Parlour on B+GM: Be a Mentor—It’s Easier Than You Think
We feature the best of Parlour Magazine’s need to read info in this space twice a month. Enjoy!
By Alana Proehl
Mentorship is great, being one, having one, it’s good times all around. But in these times especially, we must work overtime with the next generation of young ladies because we’re not just keeping them off the pole, but also off one of those shows. If mentoring has been on your mind lately and you’re still trying to figure how to pass your genius on to a budding young woman, check out some of these programs:
Step Up Women’s Network (NYC, Chicago, LA)
Step Up is a membership-based network with opportunities to mentor high school age girls (and get access to mentoring yourself from top women executives). Their Pathways to Professions program involves weekly e-mail mentoring through prompts and a monthly trip to different workplaces like Google, L’Oreal, EMI Music and more, mentoring young women through their exploration of different career paths.
Girls Write Now (NYC)
GWN is a writing-based mentoring program where writers (professional and non-professional) are paired with young women writers in high school, mentoring their voices and supporting them in producing a portfolio of monthly works in different genres of writing.
iMentor (NYC & other U.S. cities)
This e-inspired mentoring model involves e-mailing with your mentee once a week and monthly in-person meetings. The organization’s hub is in NYC, but have partners who use their model in various cities.
The Future Project (New Haven, Conn., NYC, DC)
This innovative start-up is a new initiative seeking to equipt every high school student in the U.S. with a life coach. They’re starting off in a few cities and the first round of applications is open now until August 15 but perhaps they’ll take late-comers.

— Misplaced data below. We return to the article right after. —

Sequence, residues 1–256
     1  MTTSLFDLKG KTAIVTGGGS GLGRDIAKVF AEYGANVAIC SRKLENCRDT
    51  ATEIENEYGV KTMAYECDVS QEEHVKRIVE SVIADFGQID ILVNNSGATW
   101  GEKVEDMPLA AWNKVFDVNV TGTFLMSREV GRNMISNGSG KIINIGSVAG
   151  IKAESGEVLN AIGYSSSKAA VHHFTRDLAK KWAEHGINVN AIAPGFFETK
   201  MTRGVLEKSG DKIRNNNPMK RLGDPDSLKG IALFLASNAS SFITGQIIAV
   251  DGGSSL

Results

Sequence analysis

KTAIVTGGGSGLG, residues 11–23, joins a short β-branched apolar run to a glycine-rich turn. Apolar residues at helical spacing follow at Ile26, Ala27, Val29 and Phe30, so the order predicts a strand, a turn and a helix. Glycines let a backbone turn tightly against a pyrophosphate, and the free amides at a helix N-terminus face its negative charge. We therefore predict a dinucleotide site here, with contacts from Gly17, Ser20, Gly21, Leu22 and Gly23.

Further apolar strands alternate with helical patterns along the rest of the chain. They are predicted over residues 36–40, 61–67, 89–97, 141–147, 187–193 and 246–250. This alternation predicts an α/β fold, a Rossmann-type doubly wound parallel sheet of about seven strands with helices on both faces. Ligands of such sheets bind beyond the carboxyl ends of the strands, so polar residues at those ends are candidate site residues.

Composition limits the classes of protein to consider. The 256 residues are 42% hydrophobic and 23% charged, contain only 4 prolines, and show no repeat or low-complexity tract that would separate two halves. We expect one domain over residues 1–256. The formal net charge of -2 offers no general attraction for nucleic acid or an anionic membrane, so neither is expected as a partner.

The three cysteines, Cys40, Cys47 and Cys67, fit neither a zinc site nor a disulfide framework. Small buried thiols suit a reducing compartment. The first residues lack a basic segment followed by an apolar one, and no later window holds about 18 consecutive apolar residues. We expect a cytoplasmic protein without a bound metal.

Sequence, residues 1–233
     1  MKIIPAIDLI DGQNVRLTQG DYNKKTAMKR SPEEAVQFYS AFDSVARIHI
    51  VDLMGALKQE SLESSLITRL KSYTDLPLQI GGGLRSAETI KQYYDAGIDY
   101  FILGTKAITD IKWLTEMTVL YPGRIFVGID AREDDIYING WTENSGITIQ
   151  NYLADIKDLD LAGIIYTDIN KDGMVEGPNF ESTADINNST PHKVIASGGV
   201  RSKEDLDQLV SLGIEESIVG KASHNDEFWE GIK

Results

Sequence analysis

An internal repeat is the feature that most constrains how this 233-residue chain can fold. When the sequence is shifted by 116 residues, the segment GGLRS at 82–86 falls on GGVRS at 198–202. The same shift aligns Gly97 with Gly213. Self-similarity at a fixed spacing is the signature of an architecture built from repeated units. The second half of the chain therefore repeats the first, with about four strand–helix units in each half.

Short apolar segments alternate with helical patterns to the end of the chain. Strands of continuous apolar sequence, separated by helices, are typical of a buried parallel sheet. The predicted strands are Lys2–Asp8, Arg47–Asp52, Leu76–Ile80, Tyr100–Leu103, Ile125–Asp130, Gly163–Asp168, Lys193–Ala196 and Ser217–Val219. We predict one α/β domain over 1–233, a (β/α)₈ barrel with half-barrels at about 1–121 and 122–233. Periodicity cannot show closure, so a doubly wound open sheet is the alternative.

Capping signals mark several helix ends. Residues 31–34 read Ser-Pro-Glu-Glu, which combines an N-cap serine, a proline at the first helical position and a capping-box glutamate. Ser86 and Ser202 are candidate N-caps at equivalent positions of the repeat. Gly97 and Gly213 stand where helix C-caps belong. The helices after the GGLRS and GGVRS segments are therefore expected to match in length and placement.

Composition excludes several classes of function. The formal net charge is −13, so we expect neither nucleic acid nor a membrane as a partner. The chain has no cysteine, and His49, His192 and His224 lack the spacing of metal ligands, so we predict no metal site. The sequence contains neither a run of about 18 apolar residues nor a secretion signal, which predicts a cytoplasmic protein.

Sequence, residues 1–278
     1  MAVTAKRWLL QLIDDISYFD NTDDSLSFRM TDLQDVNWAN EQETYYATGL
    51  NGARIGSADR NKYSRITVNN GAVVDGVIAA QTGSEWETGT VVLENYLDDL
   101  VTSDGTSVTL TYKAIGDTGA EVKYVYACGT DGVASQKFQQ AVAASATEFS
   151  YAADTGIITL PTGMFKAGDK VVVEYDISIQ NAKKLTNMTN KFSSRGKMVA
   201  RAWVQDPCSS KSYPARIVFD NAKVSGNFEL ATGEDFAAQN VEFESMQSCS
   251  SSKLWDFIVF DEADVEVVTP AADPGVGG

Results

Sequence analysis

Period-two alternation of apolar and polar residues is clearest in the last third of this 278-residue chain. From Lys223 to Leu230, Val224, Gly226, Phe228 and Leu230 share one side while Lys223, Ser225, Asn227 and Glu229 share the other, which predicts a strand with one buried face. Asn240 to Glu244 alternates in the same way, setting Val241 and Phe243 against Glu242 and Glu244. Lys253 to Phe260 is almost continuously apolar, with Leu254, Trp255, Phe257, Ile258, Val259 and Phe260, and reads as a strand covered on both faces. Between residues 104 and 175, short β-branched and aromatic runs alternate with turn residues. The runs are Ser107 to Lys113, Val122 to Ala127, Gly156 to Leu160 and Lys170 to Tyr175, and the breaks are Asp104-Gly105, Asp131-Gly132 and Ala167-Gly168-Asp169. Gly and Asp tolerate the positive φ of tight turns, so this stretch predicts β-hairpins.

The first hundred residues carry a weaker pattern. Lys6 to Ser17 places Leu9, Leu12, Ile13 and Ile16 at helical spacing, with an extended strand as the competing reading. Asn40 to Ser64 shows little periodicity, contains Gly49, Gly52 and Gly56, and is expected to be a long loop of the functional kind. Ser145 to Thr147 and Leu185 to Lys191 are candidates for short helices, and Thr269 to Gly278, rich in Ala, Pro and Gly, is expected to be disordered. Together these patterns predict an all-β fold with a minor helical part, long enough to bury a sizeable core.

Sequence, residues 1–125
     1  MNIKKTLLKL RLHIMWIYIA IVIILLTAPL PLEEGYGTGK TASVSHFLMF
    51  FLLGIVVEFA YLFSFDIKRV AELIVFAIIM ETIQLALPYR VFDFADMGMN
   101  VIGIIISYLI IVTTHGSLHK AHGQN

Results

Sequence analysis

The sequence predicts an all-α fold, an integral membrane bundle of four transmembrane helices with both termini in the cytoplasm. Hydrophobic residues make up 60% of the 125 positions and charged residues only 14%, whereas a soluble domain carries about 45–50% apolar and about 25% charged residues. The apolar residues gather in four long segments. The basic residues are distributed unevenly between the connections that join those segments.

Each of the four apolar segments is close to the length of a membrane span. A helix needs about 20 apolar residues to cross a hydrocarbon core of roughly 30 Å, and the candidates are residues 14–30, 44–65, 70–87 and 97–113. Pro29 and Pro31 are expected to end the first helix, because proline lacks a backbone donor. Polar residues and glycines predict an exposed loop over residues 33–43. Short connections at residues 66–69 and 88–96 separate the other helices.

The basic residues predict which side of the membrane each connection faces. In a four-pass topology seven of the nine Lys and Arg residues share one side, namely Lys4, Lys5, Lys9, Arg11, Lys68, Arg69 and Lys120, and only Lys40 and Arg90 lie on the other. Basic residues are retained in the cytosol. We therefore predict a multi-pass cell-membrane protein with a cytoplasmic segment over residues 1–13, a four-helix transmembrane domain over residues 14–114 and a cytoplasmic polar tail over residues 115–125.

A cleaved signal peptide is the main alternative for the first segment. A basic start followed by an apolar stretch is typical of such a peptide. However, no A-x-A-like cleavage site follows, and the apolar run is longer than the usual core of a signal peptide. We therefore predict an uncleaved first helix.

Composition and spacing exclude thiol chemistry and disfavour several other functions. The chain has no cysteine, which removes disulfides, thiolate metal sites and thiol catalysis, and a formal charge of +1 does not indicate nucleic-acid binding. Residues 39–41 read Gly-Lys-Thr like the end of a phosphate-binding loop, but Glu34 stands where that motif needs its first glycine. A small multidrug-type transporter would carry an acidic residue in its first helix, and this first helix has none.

Big Brothers Big Sisters (U.S.)
The largest and oldest mentoring organization (around since 1904), BBBS is in cities nationwide and has opportunities for mentoring youth ages 6-18.
The Cares Mentoring Movement
Founded by storied former ESSENCE Editor-in-Chief Susan L. Taylor, Cares is another great resource for connecting with local mentoring opportunities in your area using your zip code.
This style of work-based mentoring is a trend amongst other women, too. A study this summer reported that the perception of executive women being “Queen Bees” who don’t support each other in the workplace is actually not as true as most might think. According to Catalyst, the company behind the study:For those of you who might be too busy, or you’re concerned about signing on for a long-term commitment you’re not sure you can keep, workplace mentoring is another great way to be that role model for a young woman. Parlour Mag co-founder Shannon Washington has shared how she made a point of finding one of the young black girls in her office when hiring her assistant so she could help mentor her on the job. Another friend in a high level office of a foundation did a similar thing by coaching a recent college graduate through the interview process and then took the young woman under her wing once she successfully got the job.
“Women, the report finds, are even more likely than men to develop other talent. Sixty-five percent of women who received career development support are now developing new talent, compared to 56 percent of men, and 73 percent of the women developing new talent are developing women, compared to only 30 percent of men.”
As the wise Maya Angelou, mentor-in-words-and-spirit to many of us, says: “When you get, give. When you learn, teach.”
Do you have any recommendations for groups to mentor with or other creative ways you’ve incorporated mentoring into your life? Let us know!Tweet